Here’s the latest of our news bulletins from the ongoing crisis at Japan’s Fukushima Daiichi nuclear power plant.
State of the Fukushima Reactors
A government panel studying TEPCO’s ongoing water woes at the Fukushima Daiichi power plant has ordered the utility to reduce the amount of groundwater flowing into the crippled reactors there, and has suggested that officials consider freezing the surrounding ground in order to prevent groundwater from entering the reactors. Each day, approximately 400 tons of groundwater seeps into the reactor buildings, mixing with radioactive water and becoming contaminated. The company has been pumping the water out and storing it in tanks located on the compound, but it’s running out of room. Experts caution that creating such a frozen wall has never been done for more than a couple of years. TEPCO’s engineers have expressed concern that if groundwater levels drop too low, radioactive water in the reactors’ basements could flow outward through holes in the damaged structure. In addition, they said that constantly circulating coolant underground would be very costly. The panel has proposed an eight-year deadline for reducing groundwater inflow entirely, but admitted that the Fukushima water issue presents “an unprecedented challenge in the world.” In addition, they instructed TEPCO to build more water storage tanks.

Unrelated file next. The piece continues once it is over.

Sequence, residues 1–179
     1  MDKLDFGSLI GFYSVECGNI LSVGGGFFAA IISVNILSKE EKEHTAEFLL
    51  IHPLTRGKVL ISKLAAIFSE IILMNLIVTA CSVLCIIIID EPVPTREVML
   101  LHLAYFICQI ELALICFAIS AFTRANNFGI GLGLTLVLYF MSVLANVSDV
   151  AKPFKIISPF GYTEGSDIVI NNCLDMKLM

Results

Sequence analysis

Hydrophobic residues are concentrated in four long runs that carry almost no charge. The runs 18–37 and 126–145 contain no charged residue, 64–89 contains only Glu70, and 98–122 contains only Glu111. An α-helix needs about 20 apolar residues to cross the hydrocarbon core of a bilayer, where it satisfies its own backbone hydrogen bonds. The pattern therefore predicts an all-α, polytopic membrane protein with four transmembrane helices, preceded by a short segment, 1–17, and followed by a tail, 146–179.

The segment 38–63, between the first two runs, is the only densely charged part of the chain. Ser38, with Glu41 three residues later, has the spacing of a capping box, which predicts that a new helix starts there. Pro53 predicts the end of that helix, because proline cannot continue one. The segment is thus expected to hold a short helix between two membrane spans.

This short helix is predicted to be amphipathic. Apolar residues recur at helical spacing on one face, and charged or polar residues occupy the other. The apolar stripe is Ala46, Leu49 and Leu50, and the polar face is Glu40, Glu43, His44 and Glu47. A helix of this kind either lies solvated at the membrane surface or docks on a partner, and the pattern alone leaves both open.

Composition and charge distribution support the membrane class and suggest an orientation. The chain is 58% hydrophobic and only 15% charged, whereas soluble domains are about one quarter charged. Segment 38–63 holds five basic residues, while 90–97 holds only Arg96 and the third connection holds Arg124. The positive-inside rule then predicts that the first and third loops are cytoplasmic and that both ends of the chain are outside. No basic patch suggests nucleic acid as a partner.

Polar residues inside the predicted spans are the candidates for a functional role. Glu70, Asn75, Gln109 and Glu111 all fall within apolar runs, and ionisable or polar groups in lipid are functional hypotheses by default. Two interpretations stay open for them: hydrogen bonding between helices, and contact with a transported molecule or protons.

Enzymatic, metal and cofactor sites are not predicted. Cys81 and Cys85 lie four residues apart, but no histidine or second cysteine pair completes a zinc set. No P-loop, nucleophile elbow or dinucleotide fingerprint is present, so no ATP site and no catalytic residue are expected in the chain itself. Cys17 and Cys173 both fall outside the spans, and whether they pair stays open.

Nuclear Regulation Authority
Japan’s Nuclear Regulation Authority (NRA) plans to conduct its own probe into whether or not the Fukushima Daiichi plant suffered damage from a massive magnitude 9.0 earthquake on March 11, 2011, before a subsequent tsunami struck the reactors there. TEPCO has long insisted that all damage at the plant was caused solely by the tsunami, but a Diet-sponsored investigation into the disaster shed serious doubt on that claim. Although some of the Diet panelists asked to enter the fourth floor of reactor #1 during their investigation, in order to look for damage, TEPCO lied and said that the building could not be entered because it was inadequately lit. In fact, it was not. If quake damage is discovered, it could have crushing effects on the nuclear industry across Japan, where earthquakes are exceedingly common. Now, experts from the NRA team will explore the fourth floor to look for earthquake, but high radiation levels will prevent them for remaining there for more than 10 minutes. The team’s findings will be discussed in June.